Center faculty member J. Wesley Boyd coauthored this Vice opinion piece on the practice of giving children psychotropic meds in government detention
Children fleeing Central America are victims of structural violence—ways in which larger social structures oppress individuals. The reasons their families are fleeing to the United States are inextricably linked to U.S. foreign economic and criminal justice policies in Central America; not just a desire to come to the U.S. Not only have these children experienced tremendous violence in their countries of origin, and often en route to the U.S., but our government is compounding matters by its policies and actions.
We find the current child separation strategies by the Trump administration to be fertile ground for significant human rights abuses and, among other concerns, we are deeply disturbed that separated children are forcibly being given psychotropic medications while in government detention centers. According to a court brief, children were forced to take medications including benzodiazepine tranquilizers, which have addictive potential, as well as mood stabilizers generally reserved to treat bipolar disorder, and antipsychotic medications.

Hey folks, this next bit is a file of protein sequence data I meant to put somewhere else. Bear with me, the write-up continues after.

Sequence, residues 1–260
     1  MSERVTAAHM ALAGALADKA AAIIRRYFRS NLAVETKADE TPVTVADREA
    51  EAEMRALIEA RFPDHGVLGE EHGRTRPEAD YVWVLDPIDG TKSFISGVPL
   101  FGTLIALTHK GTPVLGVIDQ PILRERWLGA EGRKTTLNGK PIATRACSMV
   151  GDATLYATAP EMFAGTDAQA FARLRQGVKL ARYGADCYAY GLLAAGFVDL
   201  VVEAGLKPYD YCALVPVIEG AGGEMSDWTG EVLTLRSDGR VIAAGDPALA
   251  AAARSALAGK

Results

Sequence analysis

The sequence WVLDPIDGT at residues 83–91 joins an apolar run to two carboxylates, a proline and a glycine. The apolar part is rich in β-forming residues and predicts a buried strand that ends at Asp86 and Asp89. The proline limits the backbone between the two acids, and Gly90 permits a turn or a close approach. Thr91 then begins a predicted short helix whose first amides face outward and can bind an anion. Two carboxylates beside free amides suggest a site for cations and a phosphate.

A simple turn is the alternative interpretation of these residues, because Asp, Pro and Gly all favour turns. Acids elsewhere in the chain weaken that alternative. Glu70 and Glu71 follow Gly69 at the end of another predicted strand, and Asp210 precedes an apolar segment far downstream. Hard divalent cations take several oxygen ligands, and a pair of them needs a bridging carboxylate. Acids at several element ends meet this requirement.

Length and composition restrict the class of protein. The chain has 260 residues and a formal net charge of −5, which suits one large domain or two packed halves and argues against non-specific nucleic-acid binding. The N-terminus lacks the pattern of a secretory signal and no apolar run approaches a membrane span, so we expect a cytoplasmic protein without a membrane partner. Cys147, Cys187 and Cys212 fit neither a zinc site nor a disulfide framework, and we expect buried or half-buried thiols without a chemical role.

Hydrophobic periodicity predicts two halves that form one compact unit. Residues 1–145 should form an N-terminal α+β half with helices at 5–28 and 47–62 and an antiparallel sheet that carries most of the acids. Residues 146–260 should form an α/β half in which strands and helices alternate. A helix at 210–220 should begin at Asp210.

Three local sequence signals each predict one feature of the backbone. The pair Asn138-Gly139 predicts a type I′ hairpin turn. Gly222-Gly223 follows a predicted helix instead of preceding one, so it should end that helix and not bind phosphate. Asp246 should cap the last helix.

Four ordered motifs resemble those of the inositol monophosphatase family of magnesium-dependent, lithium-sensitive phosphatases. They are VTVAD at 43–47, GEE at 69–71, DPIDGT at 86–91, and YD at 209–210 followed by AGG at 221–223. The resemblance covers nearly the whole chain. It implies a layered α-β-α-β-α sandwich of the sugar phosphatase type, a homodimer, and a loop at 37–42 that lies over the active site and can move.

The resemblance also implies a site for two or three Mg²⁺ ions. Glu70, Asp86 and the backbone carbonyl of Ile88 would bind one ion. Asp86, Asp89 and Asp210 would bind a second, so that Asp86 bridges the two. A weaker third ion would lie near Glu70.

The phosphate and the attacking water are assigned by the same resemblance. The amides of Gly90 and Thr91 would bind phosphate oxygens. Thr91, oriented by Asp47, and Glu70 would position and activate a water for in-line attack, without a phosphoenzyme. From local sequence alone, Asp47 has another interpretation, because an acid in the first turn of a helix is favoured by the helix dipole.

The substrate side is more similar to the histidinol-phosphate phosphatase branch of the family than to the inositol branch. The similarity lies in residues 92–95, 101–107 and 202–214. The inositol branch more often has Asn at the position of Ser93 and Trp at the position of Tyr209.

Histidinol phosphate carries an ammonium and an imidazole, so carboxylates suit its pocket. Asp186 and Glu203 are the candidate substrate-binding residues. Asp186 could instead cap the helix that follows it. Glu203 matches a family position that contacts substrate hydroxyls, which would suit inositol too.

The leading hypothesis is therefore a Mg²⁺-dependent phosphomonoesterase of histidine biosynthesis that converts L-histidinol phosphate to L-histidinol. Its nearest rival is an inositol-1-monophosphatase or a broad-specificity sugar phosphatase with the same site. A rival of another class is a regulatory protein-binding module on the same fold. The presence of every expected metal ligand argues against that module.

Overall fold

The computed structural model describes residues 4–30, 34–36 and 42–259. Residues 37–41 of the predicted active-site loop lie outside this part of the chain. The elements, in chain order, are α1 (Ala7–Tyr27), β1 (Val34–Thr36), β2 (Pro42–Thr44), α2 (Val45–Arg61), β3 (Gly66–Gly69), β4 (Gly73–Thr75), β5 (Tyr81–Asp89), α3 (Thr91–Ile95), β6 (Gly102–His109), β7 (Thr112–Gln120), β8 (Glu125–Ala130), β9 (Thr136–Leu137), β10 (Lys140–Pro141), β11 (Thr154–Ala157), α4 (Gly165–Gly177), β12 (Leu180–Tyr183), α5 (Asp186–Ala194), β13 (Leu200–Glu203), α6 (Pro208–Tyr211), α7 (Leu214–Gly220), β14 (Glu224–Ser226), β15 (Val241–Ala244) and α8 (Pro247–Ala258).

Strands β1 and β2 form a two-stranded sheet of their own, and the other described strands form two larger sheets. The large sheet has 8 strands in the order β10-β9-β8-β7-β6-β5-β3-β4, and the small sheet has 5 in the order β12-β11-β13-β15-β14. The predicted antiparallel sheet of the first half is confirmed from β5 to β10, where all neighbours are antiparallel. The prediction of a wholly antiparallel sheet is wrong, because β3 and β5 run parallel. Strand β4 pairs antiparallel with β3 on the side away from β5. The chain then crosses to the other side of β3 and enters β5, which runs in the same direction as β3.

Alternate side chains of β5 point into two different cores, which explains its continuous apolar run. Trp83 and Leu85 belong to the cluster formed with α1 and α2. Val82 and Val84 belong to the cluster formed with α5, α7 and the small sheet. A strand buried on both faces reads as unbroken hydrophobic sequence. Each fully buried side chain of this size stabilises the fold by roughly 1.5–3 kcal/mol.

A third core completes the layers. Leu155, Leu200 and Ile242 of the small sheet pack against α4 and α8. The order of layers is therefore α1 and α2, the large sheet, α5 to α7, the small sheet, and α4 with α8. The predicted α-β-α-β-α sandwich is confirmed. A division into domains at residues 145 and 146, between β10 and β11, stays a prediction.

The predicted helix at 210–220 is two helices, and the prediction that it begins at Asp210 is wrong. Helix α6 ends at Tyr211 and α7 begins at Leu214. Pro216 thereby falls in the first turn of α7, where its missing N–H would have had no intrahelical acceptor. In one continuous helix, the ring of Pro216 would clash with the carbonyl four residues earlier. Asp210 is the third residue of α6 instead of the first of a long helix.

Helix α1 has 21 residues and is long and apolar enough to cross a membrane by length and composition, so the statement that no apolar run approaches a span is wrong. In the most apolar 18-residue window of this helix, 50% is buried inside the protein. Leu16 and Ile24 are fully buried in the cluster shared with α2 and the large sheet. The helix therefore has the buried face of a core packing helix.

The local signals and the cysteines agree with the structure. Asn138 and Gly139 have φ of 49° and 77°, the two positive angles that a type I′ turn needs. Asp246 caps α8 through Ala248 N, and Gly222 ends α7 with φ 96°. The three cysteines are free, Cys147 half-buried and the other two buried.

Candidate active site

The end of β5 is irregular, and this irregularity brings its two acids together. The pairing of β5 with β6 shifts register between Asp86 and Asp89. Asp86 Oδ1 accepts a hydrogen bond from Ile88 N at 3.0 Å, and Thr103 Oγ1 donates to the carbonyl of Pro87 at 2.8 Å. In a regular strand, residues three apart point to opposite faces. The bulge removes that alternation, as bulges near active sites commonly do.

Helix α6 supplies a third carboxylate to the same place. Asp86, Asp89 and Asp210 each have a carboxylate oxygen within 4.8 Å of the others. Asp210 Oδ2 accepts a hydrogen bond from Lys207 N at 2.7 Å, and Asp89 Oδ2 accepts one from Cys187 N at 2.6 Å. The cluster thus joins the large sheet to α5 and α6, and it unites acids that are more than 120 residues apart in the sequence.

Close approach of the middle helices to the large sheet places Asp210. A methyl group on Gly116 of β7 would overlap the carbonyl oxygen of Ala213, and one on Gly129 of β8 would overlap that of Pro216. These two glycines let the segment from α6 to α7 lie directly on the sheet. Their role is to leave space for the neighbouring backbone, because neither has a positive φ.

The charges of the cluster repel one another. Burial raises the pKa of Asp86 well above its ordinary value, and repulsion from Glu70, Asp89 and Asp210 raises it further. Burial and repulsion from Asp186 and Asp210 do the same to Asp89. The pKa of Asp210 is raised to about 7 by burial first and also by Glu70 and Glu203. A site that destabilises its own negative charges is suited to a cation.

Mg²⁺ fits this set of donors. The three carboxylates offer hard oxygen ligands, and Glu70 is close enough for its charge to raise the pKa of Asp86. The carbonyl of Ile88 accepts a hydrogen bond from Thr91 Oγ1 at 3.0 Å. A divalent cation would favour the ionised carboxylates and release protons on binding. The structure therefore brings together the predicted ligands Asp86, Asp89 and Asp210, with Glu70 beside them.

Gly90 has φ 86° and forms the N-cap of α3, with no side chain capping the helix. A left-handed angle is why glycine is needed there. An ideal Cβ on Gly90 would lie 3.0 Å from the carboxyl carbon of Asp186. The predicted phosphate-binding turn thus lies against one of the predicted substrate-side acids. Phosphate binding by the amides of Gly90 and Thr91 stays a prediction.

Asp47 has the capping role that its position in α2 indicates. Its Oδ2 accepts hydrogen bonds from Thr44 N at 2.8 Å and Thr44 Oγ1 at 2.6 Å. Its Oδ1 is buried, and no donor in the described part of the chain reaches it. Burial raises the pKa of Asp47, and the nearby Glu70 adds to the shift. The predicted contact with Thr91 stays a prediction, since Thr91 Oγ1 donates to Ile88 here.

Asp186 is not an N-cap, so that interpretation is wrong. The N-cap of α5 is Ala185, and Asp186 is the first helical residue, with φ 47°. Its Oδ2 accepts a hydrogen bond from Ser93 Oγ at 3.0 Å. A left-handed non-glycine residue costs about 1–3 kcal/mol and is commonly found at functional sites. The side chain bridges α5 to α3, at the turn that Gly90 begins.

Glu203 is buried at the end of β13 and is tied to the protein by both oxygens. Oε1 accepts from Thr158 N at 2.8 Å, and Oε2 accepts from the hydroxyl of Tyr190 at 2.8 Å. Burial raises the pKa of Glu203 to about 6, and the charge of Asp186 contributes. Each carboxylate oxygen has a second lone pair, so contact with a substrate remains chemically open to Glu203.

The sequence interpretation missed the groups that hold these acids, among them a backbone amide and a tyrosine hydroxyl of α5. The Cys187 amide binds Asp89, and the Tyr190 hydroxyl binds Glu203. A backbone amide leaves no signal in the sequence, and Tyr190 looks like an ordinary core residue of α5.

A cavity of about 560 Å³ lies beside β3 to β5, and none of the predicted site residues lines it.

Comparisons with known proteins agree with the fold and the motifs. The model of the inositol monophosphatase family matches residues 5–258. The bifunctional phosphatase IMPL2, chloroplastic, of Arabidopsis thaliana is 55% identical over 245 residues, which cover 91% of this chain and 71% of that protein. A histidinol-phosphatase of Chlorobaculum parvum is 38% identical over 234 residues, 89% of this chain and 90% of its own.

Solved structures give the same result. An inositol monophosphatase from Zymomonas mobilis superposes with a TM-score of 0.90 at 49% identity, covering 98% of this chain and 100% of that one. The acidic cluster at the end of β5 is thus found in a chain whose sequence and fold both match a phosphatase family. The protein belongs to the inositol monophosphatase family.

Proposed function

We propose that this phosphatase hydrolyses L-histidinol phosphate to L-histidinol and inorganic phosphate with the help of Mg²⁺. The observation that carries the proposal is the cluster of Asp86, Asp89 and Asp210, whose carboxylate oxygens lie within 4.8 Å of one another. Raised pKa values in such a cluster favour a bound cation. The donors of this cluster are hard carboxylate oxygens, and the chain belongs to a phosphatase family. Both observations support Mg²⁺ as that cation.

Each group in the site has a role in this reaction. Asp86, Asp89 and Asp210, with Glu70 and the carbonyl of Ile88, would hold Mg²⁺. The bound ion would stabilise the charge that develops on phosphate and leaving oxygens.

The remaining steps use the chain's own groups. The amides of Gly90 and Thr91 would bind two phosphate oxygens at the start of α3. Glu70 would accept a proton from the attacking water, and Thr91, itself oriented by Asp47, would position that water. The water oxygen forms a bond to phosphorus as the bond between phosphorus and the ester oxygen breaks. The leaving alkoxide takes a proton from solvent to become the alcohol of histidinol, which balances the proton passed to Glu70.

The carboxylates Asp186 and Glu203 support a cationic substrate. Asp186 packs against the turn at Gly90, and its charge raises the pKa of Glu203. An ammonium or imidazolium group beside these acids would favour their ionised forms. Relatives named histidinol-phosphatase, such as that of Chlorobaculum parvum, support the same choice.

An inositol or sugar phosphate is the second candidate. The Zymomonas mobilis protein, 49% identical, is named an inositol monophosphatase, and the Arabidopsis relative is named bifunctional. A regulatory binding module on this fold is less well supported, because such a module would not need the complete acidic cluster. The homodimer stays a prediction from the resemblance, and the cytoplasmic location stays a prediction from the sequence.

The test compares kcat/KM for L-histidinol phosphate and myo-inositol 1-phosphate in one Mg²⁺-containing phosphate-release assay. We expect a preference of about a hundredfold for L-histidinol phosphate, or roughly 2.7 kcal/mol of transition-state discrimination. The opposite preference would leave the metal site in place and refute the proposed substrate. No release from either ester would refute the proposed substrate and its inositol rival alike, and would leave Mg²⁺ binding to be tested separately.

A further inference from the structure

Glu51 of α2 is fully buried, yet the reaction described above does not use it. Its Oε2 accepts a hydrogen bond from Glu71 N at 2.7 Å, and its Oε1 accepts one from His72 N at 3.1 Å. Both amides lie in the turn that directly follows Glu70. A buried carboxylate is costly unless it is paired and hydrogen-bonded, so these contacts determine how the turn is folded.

Given that these medications are being prescribed to children who’ve been forcibly removed from their parents, there is no informed consent for administering such medications. Even if the children themselves agree to take the drugs, in most states they are not able to consent to treatment because they’re minors. In the case of these children who are in federal custody, neither the children are being asked for their assent nor are their parents are not being asked for consent. Ethics rules from the American Psychiatric Association (APA) highlight the importance of practicing informed consent; parents and guardians play an important role in providing this consent, and even children have the ability to refuse psychiatric treatment.